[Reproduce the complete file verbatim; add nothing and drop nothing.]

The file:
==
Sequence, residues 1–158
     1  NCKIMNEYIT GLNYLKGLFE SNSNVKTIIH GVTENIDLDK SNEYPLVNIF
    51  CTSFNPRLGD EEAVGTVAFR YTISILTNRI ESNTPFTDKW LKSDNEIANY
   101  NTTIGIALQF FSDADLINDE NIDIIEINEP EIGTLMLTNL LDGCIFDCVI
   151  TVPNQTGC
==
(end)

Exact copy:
Sequence, residues 1–158
     1  NCKIMNEYIT GLNYLKGLFE SNSNVKTIIH GVTENIDLDK SNEYPLVNIF
    51  CTSFNPRLGD EEAVGTVAFR YTISILTNRI ESNTPFTDKW LKSDNEIANY
   101  NTTIGIALQF FSDADLINDE NIDIIEINEP EIGTLMLTNL LDGCIFDCVI
   151  TVPNQTGC